http://www.axiata.com/investor-relations/2013/ar/

 

 

 

 

 

 

2.   Presentation

 

·         A management report and Board papers should be clearly and logically structured in whatever format appears to be most suitable for supporting the analysis, arguments, conclusions and recommendations.

 

·         Tables, graphs and charts can be a convenient way of organising your findings and helping you to analyse data and to explain concepts and ideas.  They also may make it easier for the CFO (and the marker!) to understand your findings.

 

 

 

3.  Assessment Requirements:

 

 

·         Maximum word length allowed for the whole assignment is 4000 words, excluding words in Charts &Tables and in any Appendix section of your report.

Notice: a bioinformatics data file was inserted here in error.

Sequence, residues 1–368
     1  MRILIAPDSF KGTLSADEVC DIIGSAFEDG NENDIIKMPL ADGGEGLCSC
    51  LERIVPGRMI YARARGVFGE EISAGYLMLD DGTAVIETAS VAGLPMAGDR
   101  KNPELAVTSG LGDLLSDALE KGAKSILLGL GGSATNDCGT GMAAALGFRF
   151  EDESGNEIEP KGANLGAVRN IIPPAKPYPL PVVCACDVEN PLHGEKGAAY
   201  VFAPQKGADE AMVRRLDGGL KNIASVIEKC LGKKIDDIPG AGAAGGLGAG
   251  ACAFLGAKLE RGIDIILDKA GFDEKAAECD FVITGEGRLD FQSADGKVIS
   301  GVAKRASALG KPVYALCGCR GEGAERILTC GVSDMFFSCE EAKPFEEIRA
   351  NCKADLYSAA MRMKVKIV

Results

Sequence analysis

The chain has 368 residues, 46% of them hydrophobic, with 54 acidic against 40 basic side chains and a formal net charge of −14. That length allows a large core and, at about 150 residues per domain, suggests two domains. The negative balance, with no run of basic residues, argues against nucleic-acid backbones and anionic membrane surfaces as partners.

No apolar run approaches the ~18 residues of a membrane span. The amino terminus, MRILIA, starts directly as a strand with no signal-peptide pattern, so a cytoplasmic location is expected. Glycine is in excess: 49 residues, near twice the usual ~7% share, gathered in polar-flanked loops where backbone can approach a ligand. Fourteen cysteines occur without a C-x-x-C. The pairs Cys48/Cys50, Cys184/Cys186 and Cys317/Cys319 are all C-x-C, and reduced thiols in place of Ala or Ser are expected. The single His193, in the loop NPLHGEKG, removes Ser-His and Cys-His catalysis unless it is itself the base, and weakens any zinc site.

·         Student is required to submit a type-written document in Microsoft Word format with Times New Roman font type, size 12 and line spacing 1.5.

 

·         This assignment is worth 100% of the final assessment of the module.

 

·         Indicate any sources of information and literature review by including all the necessary citations and references adopting the Harvard Referencing System.

 

  • Students who have been found to have committed acts of Plagiarism are automatically considered to have failed the entire module. If found to have breached the regulation for the second time, you will be asked to leave the course.